Kim Novak

VII.57
In the center she saw a temple with tall copper columns, and she saw youths and ladies dancing before it; the latter were either beautiful in their persons or comely because of their attire. They were ungirded and barefoot, with hair and gowns flowing, and they passed the whole day in this way . . .

Charlotte Coyle; test image

VII.63
When she did not see Venus, she was told--she did not know by whom--"She takes her delight in the most secret part of the temple. If you want her, enter through that quiet door." So without any other regards, for she was humbly garbed, the Prayer drew near to enter there to fulfill the mission entrusted to her.

VII.64
When she first approached, she found Opulence guarding the door, at which she marveled greatly. When she was permitted by Opulence to enter, she saw that the place was dark when she first went in. As she remained there, however, she found that there was a little light, and she saw Her reclining naked on a huge bed that was very beautiful to see.

Shannon Marie modelling for Addition-Elle

VII.65
She had golden curls, unbraided and bound about her head. Her countenanced was such that those who have been most praised have no beauty to compare with hers. Her arms and her bosom and her elevated breasts were completely visible, and the rest of her body was covered by a robe so flimsy that it scarcely concealed anything.

Louise (Hughes Models, U.K.); test image

VII.66
The place was scented with a thousand perfumes. Bacchus sat on one side of her, and Ceres with her delicacies on the other. She held Lust by the hand, and she also held the apple which she had won in the Idaean vale when she was chosen over her sisters . . .

(The apple in Venus's hand is, of course, the prize that she had been awarded for winning . . . The Judgment of Paris.)

We see here how far medieval literature has advanced towards the Renaissance, by this stage. In the fifth century, the early Christian poet Prudentius had demonized the Classical goddess Venus as the vice of Indulgence. But in Boccaccio, she has been fully rehabilitated, and appears as a positive force in this Christian chivalric epic.

Note that Venus's garden is populated by "Voluptuousness," "Idleness" (whom we recently met in the Roman de la Rose), "Beauty" (perpetually gazing at her own loveliness in a mirror), and "Opulence." Because this garden is an externalization of Venus herself, all of these beings are aspects of the goddess's own personality.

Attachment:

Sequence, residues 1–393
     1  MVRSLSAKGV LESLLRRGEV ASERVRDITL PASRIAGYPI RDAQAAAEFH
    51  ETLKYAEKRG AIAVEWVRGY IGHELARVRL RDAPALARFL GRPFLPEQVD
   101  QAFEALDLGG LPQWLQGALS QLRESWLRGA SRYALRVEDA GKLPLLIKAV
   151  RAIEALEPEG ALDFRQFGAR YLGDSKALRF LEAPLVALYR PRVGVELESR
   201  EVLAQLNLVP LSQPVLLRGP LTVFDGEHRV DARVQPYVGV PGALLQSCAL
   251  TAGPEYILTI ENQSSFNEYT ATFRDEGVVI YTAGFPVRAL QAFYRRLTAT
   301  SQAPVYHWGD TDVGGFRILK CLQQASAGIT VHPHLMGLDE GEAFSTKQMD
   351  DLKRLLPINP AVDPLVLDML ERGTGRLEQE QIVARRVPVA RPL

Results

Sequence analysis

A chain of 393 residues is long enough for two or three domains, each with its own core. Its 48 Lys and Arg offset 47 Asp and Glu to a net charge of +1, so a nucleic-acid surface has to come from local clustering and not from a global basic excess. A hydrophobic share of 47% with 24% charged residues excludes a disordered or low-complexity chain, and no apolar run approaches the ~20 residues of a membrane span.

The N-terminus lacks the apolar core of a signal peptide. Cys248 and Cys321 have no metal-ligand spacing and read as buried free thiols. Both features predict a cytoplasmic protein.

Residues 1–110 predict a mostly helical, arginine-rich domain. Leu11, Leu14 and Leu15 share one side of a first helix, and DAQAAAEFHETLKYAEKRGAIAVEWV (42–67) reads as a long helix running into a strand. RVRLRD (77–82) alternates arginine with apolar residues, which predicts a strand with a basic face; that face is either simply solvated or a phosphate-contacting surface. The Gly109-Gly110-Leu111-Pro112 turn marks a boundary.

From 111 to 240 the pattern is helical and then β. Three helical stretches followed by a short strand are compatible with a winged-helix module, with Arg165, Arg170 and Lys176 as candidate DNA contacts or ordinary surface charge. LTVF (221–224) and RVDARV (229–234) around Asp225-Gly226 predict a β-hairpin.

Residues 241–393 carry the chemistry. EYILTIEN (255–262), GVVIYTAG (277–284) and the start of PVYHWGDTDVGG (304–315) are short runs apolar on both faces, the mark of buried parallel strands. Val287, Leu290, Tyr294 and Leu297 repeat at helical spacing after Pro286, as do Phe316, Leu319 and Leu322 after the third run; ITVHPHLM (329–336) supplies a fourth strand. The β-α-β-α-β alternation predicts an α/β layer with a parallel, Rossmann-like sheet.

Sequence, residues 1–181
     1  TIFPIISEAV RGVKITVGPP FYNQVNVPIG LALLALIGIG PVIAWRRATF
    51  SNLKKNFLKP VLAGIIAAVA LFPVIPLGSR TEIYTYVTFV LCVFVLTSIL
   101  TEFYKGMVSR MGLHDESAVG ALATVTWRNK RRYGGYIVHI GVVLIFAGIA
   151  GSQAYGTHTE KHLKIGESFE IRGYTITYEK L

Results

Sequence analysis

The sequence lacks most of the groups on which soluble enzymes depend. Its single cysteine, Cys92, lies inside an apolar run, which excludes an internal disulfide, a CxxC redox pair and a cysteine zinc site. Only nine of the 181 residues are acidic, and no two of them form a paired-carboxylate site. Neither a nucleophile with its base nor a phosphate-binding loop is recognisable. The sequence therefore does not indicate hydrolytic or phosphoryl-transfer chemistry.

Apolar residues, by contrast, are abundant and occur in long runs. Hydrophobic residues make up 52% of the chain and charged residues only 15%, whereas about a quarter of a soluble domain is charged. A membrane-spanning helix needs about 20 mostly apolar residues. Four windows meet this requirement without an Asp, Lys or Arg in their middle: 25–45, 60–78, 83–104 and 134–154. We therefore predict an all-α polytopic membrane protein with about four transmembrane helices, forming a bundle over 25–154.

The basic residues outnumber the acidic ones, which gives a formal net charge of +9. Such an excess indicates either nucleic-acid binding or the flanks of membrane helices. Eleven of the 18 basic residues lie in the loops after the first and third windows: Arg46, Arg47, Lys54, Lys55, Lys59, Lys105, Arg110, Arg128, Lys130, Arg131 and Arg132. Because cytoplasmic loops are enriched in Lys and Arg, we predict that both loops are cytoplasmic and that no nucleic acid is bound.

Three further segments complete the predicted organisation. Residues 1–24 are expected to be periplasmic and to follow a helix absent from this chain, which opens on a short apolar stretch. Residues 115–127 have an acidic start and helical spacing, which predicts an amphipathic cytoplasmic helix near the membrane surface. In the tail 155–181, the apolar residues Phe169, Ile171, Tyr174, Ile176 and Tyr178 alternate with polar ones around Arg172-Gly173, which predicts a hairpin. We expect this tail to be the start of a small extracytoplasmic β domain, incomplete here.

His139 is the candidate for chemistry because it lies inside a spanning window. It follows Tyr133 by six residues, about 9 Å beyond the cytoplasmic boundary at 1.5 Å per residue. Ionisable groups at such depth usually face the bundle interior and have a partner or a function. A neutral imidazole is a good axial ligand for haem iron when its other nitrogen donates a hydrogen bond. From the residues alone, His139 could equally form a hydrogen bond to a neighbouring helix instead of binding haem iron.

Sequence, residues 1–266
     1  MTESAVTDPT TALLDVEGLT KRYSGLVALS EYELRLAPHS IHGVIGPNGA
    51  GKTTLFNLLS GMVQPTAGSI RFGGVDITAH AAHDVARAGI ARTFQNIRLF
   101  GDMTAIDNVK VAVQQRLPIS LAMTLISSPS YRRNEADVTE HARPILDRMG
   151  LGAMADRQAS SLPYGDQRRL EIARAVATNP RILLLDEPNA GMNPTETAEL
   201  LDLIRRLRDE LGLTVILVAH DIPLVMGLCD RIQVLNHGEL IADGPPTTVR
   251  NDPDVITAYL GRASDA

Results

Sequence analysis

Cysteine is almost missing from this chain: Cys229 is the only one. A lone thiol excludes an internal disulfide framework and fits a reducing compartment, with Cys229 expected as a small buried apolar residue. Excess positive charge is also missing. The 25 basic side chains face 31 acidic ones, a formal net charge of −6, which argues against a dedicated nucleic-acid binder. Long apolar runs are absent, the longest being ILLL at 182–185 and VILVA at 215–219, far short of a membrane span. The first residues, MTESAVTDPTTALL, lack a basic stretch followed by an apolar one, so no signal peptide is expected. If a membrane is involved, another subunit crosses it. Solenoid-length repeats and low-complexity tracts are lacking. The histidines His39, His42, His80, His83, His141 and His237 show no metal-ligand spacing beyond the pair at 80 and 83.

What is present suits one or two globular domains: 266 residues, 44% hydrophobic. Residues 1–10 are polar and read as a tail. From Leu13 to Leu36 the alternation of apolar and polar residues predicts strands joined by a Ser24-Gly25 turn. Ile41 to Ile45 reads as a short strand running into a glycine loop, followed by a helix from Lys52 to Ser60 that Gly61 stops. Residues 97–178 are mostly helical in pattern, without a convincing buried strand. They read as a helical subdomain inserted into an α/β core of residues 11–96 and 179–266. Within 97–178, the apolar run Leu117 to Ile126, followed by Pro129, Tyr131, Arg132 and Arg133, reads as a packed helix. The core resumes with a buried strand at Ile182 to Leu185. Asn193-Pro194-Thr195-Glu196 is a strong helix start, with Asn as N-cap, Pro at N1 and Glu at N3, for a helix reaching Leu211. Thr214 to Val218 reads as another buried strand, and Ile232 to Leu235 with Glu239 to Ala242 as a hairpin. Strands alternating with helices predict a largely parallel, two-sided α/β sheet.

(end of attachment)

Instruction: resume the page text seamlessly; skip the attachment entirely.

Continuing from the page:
Thus, Voluptuousness + Idleness + Beauty + Opulence together constitute ideal femininity.

Note also that dancing is the one activity that does take place in Venus's realm (dancing being a favoured pastime of the goddess of beauty), and that Venus's maidens have flowing hair, and dress "ungirded" (i.e., with no "shapewear" to constrict their full, natural curves).

But the most interesting detail in Boccaccio's description is his observation that Venus is attended by the goddess Ceres--"Ceres with her delicacies." Ceres is the classical goddess of the harvest, of the "fruits of the earth"--i.e., of food--and in Greek mythology, the insatiable Venus was perpetually kept well-fed by the goddess Ceres.

In fact, a well-known Roman maxim maintained that "Sine Cerere et Libero friget Venus" (literally, "Without Ceres and Bacchus, Venus freezes"). In other words, "Without generous quantities of food, Venus--the goddess of beauty--perishes."

We may have forgotten this lesson in our own day and age, but the Antique world knew very well that feminine beauty is contingent upon indulgence (or, as the modern slogan puts it, "Sexy girls have dessert"), and that food deprivation diminishes beauty.

This is the eternal knowledge of the Ancients--and we would do well to recover it.

- A depiction of the Venus/Ceres relationship

.................

References:

Boccaccio. The Book of Theseus. Trans. Bernadette Marie McCoy. New York: Medieval Text Assoc., 1974. Trans. of Teseida delle Nozze d'Emilia. c.1340.

Boccaccio. Theseid of the Nuptials of Emilia. Trans. Vincenzo Traversa. New York: Peter Lang, 2002. Trans. of Teseida delle Nozze d'Emilia. c.1340. (McCoy’s translation, above, is the superior edition.)


Last edited by HSG : 20th September 2006 at 23:59.
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Old 15th May 2006   #2
Emily
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Default Re: Boccaccio 1370 (Medieval Beauty III)

I have to say, I find the Venus-Ceres association fascinating. The last link in the above post goes to a page at an online art gallery, which describes Ceres's role in satisfying "Venus's need for the assistance of food and drink for invigoration". It reminds me of the relationship that's described in the quote from Charlotte Bronte, in the "Proportionate Equality" essay on this forum, whereby the diminutive Lucy Snow always gives the full-figured beauty Ginevra Fanshawe the "lion's share" of her breakfast rolls, etc. That action always seemed like a tribute offered to a goddess, and I find it interesting that is has a mythological basis.

It makes it all the more incomprehensible how diet-starvation and exercise-torture ever became associated with female beauty, when the historic tradition is the exact opposite.